The perils of paid-for dating websites

The always interesting OkCupid blog has just posted a damning analysis of its rival dating sites. The thesis is that paid-for dating websites are extremely likely to be a waste of money, due to the ramifications of their business model.

According to them, most profiles on such sites will inherently be held by non-subscribers, who can’t reply to your message. As a result, the average man has a 93% change of ‘flirting into the void’ on Match, and can expect a reply to only 1 in 100 messages, due to the probability of contacting a non-subscriber profile multiplied by the general 30% success rate. OkCupid figure this out using Match and eHarmony’s own numbers, too. As they admit from the outset, free dating websites suffer from the inherent problems of women receiving too many messages and men receiving too few. But less so, given the dead-profiles problem, and at least you’re not paying for it.

Of course, OkCupid are biased and would want you to ignore their rivals. I’m a little skeptical of some stats in the post – being 12.4 times more likely to get married if you’re not on a dating website is a bit odd – and I’ll be interested to see any rebuttal from Match or eHarmony. But it seems to hold together, as far as I can tell. Ouch.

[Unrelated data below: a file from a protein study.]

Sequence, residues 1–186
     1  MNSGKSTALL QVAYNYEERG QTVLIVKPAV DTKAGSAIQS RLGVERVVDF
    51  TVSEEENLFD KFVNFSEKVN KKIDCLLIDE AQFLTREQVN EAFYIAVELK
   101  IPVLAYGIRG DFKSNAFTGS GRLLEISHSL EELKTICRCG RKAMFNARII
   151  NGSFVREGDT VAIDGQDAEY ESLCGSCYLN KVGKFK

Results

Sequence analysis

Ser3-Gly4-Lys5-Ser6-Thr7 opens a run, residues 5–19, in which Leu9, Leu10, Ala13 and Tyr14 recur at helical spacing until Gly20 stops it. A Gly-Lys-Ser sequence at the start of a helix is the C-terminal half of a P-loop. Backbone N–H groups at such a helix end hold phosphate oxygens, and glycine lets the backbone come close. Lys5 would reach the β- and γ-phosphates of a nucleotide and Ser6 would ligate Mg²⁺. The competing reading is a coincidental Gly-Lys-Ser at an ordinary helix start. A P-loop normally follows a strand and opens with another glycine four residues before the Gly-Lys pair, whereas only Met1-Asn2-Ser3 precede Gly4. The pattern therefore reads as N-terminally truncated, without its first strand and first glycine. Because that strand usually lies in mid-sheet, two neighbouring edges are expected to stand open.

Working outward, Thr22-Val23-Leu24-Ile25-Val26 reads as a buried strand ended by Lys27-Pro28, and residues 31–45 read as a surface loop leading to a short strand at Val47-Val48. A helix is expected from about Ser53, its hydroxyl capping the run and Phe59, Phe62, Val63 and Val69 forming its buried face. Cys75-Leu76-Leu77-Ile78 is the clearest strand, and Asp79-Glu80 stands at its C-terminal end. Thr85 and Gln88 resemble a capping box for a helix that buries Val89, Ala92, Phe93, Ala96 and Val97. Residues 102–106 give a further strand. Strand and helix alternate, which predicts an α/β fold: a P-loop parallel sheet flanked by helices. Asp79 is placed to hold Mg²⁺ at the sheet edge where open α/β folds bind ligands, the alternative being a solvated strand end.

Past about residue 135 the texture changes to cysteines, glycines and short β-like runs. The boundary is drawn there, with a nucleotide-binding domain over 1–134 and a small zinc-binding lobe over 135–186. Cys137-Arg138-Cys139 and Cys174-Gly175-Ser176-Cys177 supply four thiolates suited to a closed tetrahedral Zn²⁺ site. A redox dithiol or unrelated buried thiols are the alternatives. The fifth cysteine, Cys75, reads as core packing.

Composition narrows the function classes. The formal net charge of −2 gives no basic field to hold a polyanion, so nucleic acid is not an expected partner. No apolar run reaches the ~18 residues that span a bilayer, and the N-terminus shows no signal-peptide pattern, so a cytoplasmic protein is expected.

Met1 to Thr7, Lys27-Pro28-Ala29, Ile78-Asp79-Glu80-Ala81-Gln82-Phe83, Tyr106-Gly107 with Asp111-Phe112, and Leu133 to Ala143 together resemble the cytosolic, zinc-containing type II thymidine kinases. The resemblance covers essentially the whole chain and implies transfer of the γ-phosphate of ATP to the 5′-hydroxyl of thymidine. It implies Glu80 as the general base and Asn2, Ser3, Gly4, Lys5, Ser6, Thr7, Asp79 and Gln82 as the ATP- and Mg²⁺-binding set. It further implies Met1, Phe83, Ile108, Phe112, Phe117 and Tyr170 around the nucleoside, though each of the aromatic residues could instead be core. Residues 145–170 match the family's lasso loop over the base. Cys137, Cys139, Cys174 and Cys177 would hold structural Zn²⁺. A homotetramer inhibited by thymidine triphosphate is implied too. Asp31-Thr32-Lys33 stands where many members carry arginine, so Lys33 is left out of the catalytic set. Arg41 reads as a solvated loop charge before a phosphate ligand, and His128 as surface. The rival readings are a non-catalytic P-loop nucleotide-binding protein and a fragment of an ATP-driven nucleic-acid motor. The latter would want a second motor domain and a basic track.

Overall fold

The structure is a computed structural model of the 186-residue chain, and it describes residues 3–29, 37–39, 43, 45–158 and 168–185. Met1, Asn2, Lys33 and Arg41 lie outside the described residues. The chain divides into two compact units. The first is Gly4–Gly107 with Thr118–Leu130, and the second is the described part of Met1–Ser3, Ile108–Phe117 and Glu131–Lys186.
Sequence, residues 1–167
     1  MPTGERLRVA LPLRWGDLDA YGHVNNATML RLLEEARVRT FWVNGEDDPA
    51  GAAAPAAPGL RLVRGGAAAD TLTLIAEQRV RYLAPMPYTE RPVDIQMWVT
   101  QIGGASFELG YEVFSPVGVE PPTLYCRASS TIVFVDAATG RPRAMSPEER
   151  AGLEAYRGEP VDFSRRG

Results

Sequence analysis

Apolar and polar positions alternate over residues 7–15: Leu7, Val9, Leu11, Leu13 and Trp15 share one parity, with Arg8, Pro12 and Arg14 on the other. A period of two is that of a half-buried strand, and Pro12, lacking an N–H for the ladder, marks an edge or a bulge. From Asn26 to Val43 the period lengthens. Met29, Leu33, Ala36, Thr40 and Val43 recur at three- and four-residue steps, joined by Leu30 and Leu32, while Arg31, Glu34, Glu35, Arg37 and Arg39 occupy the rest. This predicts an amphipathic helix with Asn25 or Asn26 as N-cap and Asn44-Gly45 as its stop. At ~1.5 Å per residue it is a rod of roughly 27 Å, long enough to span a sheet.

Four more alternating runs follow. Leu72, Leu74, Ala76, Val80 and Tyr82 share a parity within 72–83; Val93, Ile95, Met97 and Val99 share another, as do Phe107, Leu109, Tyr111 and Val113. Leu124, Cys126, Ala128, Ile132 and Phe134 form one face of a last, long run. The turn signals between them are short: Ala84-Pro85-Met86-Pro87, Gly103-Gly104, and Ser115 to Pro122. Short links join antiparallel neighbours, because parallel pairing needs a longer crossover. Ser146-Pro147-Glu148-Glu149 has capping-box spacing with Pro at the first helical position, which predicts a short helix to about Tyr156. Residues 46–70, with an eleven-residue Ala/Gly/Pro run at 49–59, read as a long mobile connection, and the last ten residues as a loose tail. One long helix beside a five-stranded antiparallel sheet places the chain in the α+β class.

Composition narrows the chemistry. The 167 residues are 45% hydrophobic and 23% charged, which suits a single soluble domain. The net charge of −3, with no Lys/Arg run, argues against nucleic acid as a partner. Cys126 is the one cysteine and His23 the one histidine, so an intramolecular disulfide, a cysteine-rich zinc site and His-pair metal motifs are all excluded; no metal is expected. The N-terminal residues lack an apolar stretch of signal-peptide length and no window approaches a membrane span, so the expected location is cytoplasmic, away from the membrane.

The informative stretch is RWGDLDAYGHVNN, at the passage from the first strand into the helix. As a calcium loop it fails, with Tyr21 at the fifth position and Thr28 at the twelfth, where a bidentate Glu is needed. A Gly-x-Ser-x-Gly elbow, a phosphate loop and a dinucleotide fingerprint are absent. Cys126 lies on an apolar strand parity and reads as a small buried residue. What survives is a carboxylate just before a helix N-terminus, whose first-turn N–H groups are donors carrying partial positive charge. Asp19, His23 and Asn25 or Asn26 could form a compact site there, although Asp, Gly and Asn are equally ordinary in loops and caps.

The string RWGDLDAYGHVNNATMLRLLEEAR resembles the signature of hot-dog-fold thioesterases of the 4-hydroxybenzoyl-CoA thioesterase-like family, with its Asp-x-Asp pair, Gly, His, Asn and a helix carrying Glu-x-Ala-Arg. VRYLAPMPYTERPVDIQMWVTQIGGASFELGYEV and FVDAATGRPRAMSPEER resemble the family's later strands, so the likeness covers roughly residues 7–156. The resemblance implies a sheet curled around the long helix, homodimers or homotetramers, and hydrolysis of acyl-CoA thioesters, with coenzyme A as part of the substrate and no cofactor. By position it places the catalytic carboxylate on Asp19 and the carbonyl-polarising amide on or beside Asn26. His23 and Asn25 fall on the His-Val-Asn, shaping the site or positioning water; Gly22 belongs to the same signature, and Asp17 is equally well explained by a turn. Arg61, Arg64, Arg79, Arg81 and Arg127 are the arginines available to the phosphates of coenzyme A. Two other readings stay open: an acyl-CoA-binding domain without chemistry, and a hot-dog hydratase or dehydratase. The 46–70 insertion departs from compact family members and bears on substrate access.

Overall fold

I don’t have any problem with online dating, and know lots of people trying it, and some who’ve had big successes. I’m not on any sites, though, as for the first time in my adult life I’m neither daydreaming about anybody, getting over someone, or actively looking. It’s just not something I’m finding appealing at the moment. I’m just not very good at any of that stuff. Maybe I’ll feel differently at some point, or maybe I’ll happen to meet someone with whom it’s all different, but I’m genuinely perfectly content on my own for the time being. It’s a nice feeling.